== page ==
India's elderly population, or those who are 60 years or more, is likely to increase by three times to around 300 million by 2050, says a United Nations Population Fund (UNFPA) report released this week.
The share of the population over the age of 60 is projected to increase from 8% in 2015 to 19% in 2050.
The report, titled “Caring for Our Elders: Early Responses: India Ageing 2017”, stresses the need to start planning for the demographic change.
The findings include:
- Projections indicate that during 2000–2050, the overall population of India will grow by 56% while the population 60-plus will grow by 326%. During the same period, the population 80-plus will grow 700% with a predominance of widowed and highly dependent very old women.
- The sex ratio of the elderly has increased from 938 women to 1,000 men in 1971 to 1,033 in 2011 and is projected to increase to 1,060 by 2026. A frequent outcome of the feminisation of ageing is the discrimination and neglect experienced by women as they age, often exacerbated by widowhood and complete dependence on others. Loss of spouse in old age adds significant vulnerability in later years. Elderly women will be more vulnerable than men in terms of needs such as housing, safety and finance.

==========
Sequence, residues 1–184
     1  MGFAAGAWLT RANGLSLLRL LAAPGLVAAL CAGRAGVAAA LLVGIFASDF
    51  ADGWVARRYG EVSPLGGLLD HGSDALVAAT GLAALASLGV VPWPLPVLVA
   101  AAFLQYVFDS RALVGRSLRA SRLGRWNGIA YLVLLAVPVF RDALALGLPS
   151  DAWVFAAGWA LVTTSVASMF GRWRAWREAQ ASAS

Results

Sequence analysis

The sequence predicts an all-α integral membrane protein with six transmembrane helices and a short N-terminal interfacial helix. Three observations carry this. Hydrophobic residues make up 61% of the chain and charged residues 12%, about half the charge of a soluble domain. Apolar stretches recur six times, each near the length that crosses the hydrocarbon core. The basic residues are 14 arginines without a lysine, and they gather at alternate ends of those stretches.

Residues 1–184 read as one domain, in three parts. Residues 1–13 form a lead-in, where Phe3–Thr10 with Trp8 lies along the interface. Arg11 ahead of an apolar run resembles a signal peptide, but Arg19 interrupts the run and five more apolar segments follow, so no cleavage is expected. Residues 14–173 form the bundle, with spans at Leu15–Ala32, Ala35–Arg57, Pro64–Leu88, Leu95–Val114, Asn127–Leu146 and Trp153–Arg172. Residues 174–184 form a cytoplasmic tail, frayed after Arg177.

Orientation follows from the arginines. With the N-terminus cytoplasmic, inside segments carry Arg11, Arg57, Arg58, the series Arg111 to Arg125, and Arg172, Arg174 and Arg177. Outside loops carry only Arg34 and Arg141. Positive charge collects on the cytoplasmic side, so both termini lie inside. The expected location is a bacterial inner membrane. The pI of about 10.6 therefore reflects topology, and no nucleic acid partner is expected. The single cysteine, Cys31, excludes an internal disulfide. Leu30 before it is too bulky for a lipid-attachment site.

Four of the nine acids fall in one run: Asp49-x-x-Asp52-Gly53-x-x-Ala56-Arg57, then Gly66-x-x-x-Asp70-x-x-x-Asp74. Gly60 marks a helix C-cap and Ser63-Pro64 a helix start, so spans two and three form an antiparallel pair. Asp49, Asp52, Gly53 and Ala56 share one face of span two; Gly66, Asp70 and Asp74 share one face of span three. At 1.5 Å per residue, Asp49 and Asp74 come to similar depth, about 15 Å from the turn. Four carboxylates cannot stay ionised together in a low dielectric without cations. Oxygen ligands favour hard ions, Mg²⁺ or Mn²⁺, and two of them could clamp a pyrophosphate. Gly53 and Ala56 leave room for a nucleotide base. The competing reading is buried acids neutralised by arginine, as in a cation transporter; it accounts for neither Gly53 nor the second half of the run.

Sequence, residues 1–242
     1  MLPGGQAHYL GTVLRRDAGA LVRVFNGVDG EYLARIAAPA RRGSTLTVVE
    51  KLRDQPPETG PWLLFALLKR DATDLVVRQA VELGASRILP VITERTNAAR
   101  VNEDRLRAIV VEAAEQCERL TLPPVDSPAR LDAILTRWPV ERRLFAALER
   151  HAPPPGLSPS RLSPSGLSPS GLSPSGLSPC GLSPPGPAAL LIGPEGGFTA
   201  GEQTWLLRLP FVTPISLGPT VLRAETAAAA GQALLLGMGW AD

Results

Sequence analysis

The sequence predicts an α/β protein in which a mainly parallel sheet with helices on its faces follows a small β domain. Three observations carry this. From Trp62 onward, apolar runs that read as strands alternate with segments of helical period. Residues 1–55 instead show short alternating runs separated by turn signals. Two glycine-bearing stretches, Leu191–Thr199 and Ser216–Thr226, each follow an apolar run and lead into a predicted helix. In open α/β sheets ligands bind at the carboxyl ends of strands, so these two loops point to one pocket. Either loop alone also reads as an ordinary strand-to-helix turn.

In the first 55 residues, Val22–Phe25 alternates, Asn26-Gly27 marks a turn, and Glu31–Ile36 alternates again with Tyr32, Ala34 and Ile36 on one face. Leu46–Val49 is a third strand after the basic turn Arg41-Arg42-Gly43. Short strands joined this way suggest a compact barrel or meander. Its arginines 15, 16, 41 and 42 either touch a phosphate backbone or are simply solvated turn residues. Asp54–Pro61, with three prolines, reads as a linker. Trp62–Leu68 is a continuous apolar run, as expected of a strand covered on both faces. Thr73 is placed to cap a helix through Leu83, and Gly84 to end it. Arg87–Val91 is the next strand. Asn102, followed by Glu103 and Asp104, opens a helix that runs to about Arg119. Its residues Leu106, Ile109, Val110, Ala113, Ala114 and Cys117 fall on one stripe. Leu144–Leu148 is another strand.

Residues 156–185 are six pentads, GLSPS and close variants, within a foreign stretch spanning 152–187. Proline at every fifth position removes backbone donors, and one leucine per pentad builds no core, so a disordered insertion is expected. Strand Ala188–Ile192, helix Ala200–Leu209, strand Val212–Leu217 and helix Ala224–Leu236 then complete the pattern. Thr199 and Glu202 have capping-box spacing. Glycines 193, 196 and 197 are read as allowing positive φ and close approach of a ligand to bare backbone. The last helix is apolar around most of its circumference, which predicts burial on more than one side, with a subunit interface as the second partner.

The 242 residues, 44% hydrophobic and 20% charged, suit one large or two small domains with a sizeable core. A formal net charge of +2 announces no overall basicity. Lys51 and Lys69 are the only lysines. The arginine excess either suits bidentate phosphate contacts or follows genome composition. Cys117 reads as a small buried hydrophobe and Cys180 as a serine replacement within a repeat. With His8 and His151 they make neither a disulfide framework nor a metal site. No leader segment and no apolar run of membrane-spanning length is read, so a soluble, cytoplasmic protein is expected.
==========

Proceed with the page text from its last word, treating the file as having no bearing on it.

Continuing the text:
- A higher proportion of the elderly lives in rural areas than in urban areas. Many rural areas are still remote with poor road and transport access. Income insecurity, lack of adequate access to quality health care and isolation are more acute for the rural elderly than their urban counterparts.
In a separate report, IndiaSpend.org, a data-driven, non-profit, public interest journalism platform, says that around 200 million or over 61% of the elderly in India will lack income security by 2050, if pension arrangements continue to cover only 35% of senior citizens as they do today. By 2050, 324 million Indians, or 20% of the population, will be above 60 years of age.